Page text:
College applies to replace unsafe ‘combustible’ cladding
PUBLISHED: 13:07 25 June 2019 | UPDATED: 13:24 25 June 2019
A college has submitted a planning application to replace cladding deemed unsafe in the wake of the Grenfell Tower disaster.
East Coast College (ECC) has applied to East Suffolk Council for permission to remove "existing combustible ACM cladding material and associated insulation and fire breaks" at its Lowestoft campus on St Peter's Street.
The cladding would be replaced with new "A1-rated rainscreen cladding material, noncombustible insulation and appropriate fire stopping", in accordance with British Standard regulations.
ECC's application follows an audit carried out by Suffolk Fire and Rescue Service watch commander Mark Webster, who inspected the premises six weeks after the fire at Grenfell Tower killed 72 people in June 2017.
His assessment identified a number of deficiencies, among them the suitability of the cladding system on the external facade of the building.
A lack of regular electrical wiring tests, photocopiers obstructing fire escape routes and a lack of automatic fire detection in the industrial kitchen complex were also noted.
In a letter sent to the then Lowestoft College in July 2017, Mr Webster told the provider that its fire risk assessment was "not considered to be 'suitable and sufficient' and must be raised to the standards required.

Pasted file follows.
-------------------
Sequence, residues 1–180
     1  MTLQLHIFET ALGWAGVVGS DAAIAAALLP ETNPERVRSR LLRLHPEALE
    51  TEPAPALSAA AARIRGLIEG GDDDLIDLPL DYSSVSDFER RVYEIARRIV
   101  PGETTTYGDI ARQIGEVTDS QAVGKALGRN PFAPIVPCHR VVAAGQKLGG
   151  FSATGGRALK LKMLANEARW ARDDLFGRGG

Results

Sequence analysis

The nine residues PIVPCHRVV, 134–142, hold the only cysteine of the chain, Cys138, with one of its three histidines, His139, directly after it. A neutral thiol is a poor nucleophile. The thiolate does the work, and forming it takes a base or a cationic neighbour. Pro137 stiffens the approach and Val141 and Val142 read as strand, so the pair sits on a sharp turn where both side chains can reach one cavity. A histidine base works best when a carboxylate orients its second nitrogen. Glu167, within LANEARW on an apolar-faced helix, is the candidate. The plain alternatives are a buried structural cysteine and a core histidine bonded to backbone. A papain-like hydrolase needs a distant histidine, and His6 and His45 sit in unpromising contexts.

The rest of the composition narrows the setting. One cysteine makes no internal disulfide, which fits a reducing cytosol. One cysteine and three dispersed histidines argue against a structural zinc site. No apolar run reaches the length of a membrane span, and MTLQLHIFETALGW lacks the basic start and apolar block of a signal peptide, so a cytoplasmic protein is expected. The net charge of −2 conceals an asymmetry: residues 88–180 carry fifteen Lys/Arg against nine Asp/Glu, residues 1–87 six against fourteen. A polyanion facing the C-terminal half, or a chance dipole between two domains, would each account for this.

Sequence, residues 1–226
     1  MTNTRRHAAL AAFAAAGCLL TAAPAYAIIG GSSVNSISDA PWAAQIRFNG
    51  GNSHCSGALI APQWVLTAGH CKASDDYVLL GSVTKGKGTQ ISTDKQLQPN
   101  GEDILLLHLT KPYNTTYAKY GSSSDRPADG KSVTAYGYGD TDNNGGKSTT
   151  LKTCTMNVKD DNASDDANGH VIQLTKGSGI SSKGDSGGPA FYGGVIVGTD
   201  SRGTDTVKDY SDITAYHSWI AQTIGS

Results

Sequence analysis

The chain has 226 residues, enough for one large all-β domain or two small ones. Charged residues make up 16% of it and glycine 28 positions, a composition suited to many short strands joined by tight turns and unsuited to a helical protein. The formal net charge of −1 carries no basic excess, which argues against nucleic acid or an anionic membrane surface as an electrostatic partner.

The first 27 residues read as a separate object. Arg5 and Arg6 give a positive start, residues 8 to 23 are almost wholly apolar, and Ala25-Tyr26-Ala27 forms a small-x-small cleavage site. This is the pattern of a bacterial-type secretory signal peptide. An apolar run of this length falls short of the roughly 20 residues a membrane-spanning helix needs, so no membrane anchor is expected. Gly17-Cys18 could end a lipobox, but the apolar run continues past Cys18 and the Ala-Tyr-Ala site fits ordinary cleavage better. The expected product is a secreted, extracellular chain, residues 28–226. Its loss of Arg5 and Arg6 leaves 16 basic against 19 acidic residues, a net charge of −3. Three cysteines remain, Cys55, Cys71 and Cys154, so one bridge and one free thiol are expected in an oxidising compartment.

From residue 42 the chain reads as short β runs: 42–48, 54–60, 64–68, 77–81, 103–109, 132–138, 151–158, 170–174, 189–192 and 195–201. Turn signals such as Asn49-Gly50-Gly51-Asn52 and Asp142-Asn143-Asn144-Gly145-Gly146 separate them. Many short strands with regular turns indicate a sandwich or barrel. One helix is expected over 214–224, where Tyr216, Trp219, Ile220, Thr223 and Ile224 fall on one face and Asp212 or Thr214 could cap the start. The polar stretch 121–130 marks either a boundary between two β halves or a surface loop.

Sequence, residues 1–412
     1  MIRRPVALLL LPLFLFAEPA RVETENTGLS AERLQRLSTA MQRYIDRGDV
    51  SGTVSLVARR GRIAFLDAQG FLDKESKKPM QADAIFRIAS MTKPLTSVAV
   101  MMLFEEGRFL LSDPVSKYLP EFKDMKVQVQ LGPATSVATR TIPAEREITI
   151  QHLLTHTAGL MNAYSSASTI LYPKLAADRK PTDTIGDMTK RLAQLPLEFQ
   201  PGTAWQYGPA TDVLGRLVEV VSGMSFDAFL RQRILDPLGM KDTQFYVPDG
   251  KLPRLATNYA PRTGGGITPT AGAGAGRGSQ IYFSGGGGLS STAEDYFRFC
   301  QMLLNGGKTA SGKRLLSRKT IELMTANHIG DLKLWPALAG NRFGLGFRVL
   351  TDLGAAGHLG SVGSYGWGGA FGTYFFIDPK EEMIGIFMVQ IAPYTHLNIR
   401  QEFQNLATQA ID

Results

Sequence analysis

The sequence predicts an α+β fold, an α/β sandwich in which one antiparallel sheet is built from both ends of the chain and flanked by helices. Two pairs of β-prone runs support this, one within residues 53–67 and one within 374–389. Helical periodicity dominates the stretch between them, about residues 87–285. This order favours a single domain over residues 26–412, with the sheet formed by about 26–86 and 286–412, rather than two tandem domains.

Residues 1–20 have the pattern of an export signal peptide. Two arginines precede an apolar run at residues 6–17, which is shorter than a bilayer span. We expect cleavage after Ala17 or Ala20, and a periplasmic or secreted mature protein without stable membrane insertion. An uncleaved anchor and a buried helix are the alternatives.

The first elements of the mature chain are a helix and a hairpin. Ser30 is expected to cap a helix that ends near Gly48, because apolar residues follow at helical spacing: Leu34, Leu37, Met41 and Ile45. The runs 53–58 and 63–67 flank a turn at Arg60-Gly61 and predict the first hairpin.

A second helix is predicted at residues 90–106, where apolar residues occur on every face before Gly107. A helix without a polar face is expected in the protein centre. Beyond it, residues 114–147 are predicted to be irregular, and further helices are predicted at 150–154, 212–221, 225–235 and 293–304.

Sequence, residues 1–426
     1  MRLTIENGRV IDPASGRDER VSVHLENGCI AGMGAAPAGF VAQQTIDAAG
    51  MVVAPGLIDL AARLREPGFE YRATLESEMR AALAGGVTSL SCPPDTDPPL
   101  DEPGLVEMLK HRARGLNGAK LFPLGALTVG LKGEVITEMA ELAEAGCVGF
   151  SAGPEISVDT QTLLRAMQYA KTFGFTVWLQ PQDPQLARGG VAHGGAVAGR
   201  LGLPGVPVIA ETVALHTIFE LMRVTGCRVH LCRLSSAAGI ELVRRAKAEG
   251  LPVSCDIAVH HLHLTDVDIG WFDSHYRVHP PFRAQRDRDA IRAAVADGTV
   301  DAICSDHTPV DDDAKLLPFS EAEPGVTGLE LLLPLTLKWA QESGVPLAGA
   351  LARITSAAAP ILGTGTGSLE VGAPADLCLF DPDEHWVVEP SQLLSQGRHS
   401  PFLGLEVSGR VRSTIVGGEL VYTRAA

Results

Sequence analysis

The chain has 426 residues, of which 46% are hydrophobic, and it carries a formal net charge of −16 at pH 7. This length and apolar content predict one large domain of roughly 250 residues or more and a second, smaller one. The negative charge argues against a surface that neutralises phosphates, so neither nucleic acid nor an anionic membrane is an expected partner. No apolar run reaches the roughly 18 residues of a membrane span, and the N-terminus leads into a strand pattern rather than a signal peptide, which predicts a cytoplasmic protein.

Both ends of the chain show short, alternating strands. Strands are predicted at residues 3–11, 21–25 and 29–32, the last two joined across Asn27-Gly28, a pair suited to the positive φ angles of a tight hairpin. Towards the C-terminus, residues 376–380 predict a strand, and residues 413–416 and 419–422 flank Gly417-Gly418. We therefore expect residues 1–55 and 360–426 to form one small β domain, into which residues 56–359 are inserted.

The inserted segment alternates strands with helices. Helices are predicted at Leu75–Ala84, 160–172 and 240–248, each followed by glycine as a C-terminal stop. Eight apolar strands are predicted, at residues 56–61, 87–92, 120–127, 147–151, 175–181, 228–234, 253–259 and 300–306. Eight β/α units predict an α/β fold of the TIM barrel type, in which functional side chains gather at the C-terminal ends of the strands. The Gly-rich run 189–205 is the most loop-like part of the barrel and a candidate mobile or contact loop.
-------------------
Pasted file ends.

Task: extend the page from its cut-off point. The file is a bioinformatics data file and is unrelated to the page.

British Standard tests are designed to examine the suitability of construction products and building materials, assessing them on combustibility, heat levels, flame spread and smoke release.
Once tested, materials are assigned an official Euroclass rating which ranks them on a scale ranging from A1 to F.
A1 materials - the highest performing - are described as non-combustible and have no contribution to causing fire, while F materials are combustible and easily flammable.
The college's application is set to be discussed tonight (June 25) at a meeting of Lowestoft Town Council's planning and environment committee, which will decide whether it should be approved or refused.
The proposal will then be considered by East Suffolk Council and either referred to its planning committee or assessed by senior planning officers.
Earlier this month, it was revealed cladding similar to that of Grenfell was yet to be removed from five Norwich tower blocks - two years on from the tragedy.
Developer Taylor Wimpey says work began last year to remove the cladding on four of the buildings, and should be completed by the end of 2019.
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